ADDRESS:127011 Newton B. Drury Scenic Pkwy, Orick, CA 95555, EE. UU.
8. Humboldt Redwoods State Park
Photo de Kirt Edblom and Flickr
The hotel is north of San Francisco.Humboldt Redwoods State Park, another popular place to view the redwoods. The park is home to the Rockefeller Forest, the largest remaining native coastal redwood forest. It is named after Alexander von Humboldt, a renowned scholar, geographer, naturalist, and explorer. The 52,000-acre park features more than 17,000 acres of ancient coast redwoods that stand over 300 feet tall and are thousands of years old.
Humboldt Redwoods State Park is the best park to experience the Coast Redwoods from the comfort of your car. Drive along the Avenue of the Giants, a 32-mile highway that winds through groves, picnic areas, and redwood forests. You can hire an automated tour guide at the visitor center to learn more about the history of this state park. Don't miss the River Eel if you want to swim, fish or sail. As in the Redwood National Park, there are numerous hiking trails of varying difficulty and distance.
ADDRESS:17119 Avenue of the Giants, Weott, CA 95571, United States
9. Bhutan State Park
Photo by David Baron on Unsplash
bhutan state parkIt is the perfect choice if you prefer a more secluded and less crowded place. Located in the remote areas of the Santa Cruz Mountains, the park is a great alternative to the more populated Big Basin. It is made up of small to medium sized redwoods located in a coastal canyon. There aren't many giant sequoias, but it's still worth seeing. Due to its location near the coast, Butano State Park is a relaxing escape from the summer heat.
Be sure to visit the Chandelier, a mature redwood with tree-sized branches. There are nearly 40 miles of trails, some suitable for mountain biking. Butano State Park also features 21 drive-thru campgrounds and 18 walk-in campgrounds. The park is also close to other attractions like Pescadero State Beach and the Pigeon Point Lighthouse.
ADDRESS:1500 Cloverdale Rd, Pescadero, CA 94060, United States
10. Sequoia National Park
Photo the Don Graham and Flickr
Except for the neck-bending redwood,sequoia national parkIt is also home to several redwoods. The park may not be as popular as Big Basin or other California national parks, but it's still one of the best places to see the redwoods. There are not only the tallest trees in the world, but also some of the oldest we have on earth.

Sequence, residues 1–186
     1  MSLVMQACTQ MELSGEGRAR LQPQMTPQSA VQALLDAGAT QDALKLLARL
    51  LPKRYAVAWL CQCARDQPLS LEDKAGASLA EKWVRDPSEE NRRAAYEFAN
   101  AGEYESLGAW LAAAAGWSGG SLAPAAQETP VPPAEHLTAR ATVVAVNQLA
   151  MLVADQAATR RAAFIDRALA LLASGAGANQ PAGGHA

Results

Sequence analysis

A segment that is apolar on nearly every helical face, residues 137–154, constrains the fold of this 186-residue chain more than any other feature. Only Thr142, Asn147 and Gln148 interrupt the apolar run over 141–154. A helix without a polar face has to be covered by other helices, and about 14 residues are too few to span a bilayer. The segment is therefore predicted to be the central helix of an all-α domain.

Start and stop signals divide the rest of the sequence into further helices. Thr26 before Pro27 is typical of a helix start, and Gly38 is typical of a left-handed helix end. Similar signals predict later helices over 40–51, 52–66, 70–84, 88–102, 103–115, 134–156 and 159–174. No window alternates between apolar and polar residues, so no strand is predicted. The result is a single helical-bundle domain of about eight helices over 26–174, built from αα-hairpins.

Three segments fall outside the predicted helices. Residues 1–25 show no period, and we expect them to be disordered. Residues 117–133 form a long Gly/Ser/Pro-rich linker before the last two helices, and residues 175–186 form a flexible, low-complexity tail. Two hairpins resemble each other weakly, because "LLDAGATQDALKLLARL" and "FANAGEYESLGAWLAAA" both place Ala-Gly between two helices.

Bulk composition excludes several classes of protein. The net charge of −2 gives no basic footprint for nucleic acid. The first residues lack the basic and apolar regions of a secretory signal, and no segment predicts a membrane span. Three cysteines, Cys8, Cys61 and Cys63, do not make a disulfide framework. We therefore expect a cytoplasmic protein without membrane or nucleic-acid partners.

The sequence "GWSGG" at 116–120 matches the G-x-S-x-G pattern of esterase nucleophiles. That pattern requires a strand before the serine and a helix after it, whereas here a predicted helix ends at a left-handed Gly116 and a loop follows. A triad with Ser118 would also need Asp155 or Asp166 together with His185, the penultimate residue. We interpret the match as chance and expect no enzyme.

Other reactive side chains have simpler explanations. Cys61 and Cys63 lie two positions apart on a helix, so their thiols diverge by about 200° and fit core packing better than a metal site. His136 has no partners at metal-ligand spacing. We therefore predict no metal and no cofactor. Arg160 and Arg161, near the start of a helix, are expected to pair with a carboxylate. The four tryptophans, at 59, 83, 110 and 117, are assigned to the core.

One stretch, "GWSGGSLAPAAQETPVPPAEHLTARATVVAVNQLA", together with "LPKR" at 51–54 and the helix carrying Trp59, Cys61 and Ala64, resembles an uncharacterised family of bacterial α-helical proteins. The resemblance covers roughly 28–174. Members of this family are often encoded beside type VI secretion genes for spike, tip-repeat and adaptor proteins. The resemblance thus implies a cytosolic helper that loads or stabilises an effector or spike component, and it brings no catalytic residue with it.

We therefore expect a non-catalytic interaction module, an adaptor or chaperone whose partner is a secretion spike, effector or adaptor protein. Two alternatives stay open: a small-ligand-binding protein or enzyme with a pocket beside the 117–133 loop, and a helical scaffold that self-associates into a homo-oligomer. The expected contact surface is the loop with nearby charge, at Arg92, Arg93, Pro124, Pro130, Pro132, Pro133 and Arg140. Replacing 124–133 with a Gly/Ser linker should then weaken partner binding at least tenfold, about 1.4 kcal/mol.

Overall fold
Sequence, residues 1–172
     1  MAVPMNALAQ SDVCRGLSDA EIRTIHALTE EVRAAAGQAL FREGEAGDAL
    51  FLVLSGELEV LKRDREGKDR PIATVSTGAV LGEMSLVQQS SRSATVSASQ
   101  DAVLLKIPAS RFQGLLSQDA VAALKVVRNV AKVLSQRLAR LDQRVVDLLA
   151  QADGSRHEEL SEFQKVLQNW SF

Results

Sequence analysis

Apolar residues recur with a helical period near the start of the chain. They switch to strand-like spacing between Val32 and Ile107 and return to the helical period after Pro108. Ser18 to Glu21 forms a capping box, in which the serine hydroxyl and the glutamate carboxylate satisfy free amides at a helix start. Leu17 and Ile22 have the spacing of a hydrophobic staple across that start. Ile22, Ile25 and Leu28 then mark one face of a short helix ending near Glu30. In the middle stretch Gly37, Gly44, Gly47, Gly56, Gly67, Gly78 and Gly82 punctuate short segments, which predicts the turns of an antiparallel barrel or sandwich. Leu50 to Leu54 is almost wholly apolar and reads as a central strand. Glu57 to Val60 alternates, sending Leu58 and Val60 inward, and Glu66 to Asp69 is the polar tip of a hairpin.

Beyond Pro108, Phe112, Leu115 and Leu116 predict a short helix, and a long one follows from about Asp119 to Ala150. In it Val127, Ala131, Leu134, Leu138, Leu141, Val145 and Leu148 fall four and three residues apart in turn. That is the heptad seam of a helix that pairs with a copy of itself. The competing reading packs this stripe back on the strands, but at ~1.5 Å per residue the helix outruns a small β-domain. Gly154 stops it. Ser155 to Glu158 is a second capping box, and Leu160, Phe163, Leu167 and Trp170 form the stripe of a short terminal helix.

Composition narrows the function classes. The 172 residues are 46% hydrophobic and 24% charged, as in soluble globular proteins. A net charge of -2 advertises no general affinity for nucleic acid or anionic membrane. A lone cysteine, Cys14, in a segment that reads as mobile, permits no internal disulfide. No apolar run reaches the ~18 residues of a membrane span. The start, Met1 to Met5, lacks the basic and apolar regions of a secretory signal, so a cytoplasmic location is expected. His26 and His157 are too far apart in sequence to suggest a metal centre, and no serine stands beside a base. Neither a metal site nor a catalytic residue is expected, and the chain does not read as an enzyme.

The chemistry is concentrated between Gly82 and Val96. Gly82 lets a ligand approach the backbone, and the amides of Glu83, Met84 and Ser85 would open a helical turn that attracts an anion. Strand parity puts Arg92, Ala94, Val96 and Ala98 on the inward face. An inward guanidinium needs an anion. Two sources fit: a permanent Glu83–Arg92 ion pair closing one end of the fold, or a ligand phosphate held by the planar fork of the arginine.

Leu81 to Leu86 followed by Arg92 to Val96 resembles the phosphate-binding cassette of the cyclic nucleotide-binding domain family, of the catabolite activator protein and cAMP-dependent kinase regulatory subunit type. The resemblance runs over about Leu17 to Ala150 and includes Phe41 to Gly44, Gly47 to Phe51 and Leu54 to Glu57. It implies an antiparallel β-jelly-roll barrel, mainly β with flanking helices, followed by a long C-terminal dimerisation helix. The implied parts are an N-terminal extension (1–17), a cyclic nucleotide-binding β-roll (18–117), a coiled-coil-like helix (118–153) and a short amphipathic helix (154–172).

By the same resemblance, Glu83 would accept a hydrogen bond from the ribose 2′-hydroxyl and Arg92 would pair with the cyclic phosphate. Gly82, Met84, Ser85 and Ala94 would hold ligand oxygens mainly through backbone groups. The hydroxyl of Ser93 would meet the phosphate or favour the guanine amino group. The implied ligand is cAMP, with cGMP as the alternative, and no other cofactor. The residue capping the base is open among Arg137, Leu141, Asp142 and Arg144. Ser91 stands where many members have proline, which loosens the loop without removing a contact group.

You can find the General Sherman tree in Sequoia National Park, the world's largest living single-stemmed tree by volume. It's a long way away, but it's worth every step when you can see this huge tree up close. If you want to see giant sequoias and redwoods, plan a visit to Sequoia National Park.
ADDRESS:Tulare County, California, United States
Frequently asked questions
How tall are the sequoias?
Like the giant sequoia, a sequoia can grow several hundred feet tall. Mature trees can reach 200 to 240 feet in height and 10 to 15 feet in diameter. However, some redwoods can reach a height of more than 90 meters. On the other hand, a redwood can reach over 250 feet in height and up to 30 feet in diameter.
What is the best time of year to visit the Redwood Forest?
The best time to visit parks like Redwood National Park largely depends on your personal preference. However, spring is usually the time when fewer people come to visit us, especially in the early spring months. In spring, when the weather is pleasant and favorable, you have the opportunity to observe migratory bird species. Most of the visitors come in summer. If you prefer fewer crowds, plan to visit in the fall or winter.
Where is the best place to visit the redwoods?
A visit to Sequoia National Park is highly recommended if you want to see the larger sequoias and sequoias. On the other hand, if you prefer a less crowded place, Butano State Park is a good option. Muir Woods National Monument is the most accessible park if you're coming from the San Francisco area, but it's also one of the busiest in high season. Redwood National Park is also the best place to visit the redwoods for tourists with limited mobility, as there are wheelchair-accessible hiking trails.